When asked, most protégés say they
want the mentor to help in three areas: advice,
access and advocacy. Be sure to ask your protégé what
he wants from you. Early in the relationship
the protégé may not have a good
answer to the question. Try again after several
meetings to see if he has developed an answer.
By the same token, it is important for the mentor
to realize what he wants from the protégé.
Remember every good mentor is a good listener.
“It is with advice
as with taxation: we can endure very little of
either, if they come
to us in a very direct way.”
Sir Arthur Helps (1817 – 1875)
TIPS FOR SUCCESS AS A MENTOR
• Appreciate any signs of growth
• Listen carefully to what your protégé
• Ask good questions
• Share your thoughts and feelings
• Always be on time
• Try your best to be a good role model
• Learn any special rules that are part of your program
• Show that you recognize the protégé’s values and
• Strive for mutual respect
• Be honest
|• Think you are going to change the
world over night
• Jump to conclusions
• Be judgmental
• Forget that communicating means listening too
• Forget how important you are to your protégé
• Talk about things that are off limits
• Try to be a parent
• Try to inflict your beliefs and values rather than demonstrating them
• Use rudeness or foul language
• Be insincere
: WHAT KIND OF A MENTOR WOULD YOU BE?
Before proceeding with any mentoring relationship,
you should consider the following points. It is
appropriate to visit this list during your mentoring
relationship to review your commitment.
|| I am committed to drawing on my own experience
(successes and failures), and learning to
provide insights that I believe could assist
|| I am committed to improving upon my skills
as a mentor.
|| I am committed to being available to my
protégé for the time/frequency
agreed upon in the mentoring plan.
|| I am open to learning and receiving feedback
from my protégé.
|| I am interested in learning from someone
whose background and experiences are different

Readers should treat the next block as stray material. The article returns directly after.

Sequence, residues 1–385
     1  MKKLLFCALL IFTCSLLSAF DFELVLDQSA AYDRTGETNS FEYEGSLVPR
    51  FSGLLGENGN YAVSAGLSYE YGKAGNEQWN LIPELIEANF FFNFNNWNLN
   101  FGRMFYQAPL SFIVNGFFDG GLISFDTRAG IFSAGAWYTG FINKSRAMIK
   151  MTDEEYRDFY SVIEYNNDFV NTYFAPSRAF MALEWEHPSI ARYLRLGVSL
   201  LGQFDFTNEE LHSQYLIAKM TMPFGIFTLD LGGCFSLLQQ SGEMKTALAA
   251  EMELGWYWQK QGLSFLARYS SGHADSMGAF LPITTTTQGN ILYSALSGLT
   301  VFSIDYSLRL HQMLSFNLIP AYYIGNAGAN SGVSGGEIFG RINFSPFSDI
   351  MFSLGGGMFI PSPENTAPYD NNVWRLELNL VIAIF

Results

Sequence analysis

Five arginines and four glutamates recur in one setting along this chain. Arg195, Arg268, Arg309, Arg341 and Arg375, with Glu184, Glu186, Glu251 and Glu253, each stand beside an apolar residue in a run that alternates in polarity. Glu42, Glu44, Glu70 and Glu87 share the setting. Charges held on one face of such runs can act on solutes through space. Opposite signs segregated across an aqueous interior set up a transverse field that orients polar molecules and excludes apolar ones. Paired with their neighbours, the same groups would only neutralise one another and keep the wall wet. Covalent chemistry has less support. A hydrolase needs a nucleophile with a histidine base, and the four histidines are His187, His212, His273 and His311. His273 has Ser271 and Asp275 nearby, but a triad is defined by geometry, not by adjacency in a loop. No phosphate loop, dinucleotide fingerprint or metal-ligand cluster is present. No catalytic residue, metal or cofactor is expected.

from my own.
||If you have concluded that you have skills
and abilities that may be useful if you passed
them on to a younger person and have checked
off all of the above boxes, it is time for
you to become a mentor.
are several ways in which you can get involved
in a mentoring relationship. APEGGA
has developed a mentoring program which will
be valuable for Members in Training (MIT’s)
and other members who want to enhance their soft
skills in the business world. Consult the APEGGA
web site to determine if there is a role for
you. Alternatively, if there is a young person
you know, either in your own company, or perhaps
the child of a friend or a member of your own
family who you feel could benefit from your experience,
suggest a mentoring relationship with them. Be
certain to explain that the nature of the relationship
requires a lot of work by the protégé.
The next section will provide you with a step-by-step
process for starting your relationship.
BECOMING A MENTOR
sections describe what mentors are, the purpose
of mentoring, and the kinds of
skills that are necessary for you to develop
as a mentor. This section will take you through
the mentoring process itself. The APEGGA Mentoring
Program emphasizes the need for the protégé to
be in charge of the process. However, there
are times when the mentor can take the lead
if no potential protégé has approached
him/her about acting as a mentor. Even though
the protégé is to be responsible
for scheduling of the relationship, the mentor
has a major role in preparing for meetings.
It is important to remember that as a mentor
you should not work harder on the relationship
than the protégé does.
“Let no man say
that he is a follower of Gandhi. It is enough
that I should be my own follower. I know what
an inadequate follower I am myself, for I cannot
live up to the convictions I stand for. You are
no followers but fellow students, fellow pilgrims,
fellow seekers and fellow workers.”
Mohandas K Gandhi (1869
Mentor’s Personal Evaluation
POTENTIAL TOPICS FOR DISCUSSION
During the important first meeting there are
many things that can be discussed if the meeting
is planned properly. If not, you may find yourself
in the uncomfortable position of being unable
to control the discussion and have the meeting
fail to meet your objectives and those of your
protégé. Remember the protégé should
lead the meeting, but if he is unable to do so,
you need to be ready to help. Here are some questions
you may ask yourself in preparation for the important
- What career experiences have helped
me most in my own professional development?
- What were the most important lessons learned
from those experiences?
What “truths” would I want to pass